Local News

April 22, 2013

Keeseville tweaking dissolution plan

KEESEVILLE — Keeseville officials are concentrating on updating financial predictions in their draft village dissolution plan before passing the final version.

Voters approved dissolving the Village of Keeseville in a January vote, and the Village Board has until mid August to pass an official plan for how that disbanding will take place.

The plan will spell out how Keeseville’s functions and property are turned over to the towns of Chesterfield in Essex County and AuSable in Clinton County.


At a recent special meeting, the Keeseville Village Board and Mayor Dale Holderman met with dissolution consultant Timothy Weidemann of Rondout Consulting of Kingston to consider how the draft plan prepared by the Joint Dissolution Study Committee will be tweaked to become the final plan.

“There is no accurate dollar amount of what this is going to cost,” Holderman said. “We have to get those figures from the towns.”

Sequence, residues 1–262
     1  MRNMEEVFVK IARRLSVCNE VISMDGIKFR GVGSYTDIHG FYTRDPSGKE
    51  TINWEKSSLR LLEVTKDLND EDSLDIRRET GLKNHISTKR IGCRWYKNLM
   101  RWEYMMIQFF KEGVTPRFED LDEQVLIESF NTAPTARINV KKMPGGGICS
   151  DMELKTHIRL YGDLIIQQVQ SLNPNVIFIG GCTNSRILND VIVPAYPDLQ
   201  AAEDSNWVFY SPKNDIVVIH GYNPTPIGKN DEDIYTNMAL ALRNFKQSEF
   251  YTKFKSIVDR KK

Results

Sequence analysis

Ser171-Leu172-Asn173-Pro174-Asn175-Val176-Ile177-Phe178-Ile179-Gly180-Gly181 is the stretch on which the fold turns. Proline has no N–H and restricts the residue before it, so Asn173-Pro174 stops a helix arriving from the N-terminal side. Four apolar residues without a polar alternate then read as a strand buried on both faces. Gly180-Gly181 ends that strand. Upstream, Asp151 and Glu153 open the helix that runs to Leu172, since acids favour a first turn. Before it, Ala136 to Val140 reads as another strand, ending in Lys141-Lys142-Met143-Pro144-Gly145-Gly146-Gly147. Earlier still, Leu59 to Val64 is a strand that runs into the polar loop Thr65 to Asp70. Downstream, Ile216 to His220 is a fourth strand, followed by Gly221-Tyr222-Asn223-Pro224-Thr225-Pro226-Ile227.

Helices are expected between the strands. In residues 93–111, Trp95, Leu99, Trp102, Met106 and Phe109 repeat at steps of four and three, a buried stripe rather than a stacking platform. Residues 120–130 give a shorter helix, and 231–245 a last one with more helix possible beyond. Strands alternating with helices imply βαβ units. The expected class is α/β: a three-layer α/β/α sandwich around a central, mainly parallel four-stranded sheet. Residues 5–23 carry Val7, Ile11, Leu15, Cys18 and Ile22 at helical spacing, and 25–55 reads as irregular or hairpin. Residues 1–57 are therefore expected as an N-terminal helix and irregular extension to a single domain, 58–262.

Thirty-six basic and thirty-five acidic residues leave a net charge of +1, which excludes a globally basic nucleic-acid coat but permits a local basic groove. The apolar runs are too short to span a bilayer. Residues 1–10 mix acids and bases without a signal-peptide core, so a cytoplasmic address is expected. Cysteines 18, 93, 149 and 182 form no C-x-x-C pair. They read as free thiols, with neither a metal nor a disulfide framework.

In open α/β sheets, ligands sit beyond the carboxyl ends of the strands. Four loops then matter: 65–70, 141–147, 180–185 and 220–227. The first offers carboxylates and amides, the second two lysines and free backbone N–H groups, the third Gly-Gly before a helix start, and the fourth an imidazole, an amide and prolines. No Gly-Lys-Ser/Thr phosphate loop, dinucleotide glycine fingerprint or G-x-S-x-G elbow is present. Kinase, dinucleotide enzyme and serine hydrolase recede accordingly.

He said town representatives believe they’ll need only a few additional positions, but that expectation may be too conservative.

“We bring 1,800 people to the towns,” Trustee Mary King said. “Why wouldn’t the expectation be to increase positions?”

Adding jobs to town budgets would decrease savings from dissolution, but Weidemann said the dissolution study already takes some of that into account.

“There some fudge-factor already built into the plan. There is no expectation of savings from overestimated tax savings.”

He said other village dissolutions have typically resulted in about a 10 percent increase in town taxes.

“What’s different about Keeseville is some services have already been shifted to the towns’ budgets. On the property tax side, residents will see some savings. That’s what came out of the study.”

Local courts and animal control are already on town budgets, as is property assessing.


Weidemann said the plan theorizes that new positions like plant operators, highway workers and water-sewer clerks will be needed by the towns after dissolution, and he estimated those costs at $90,000 per town.

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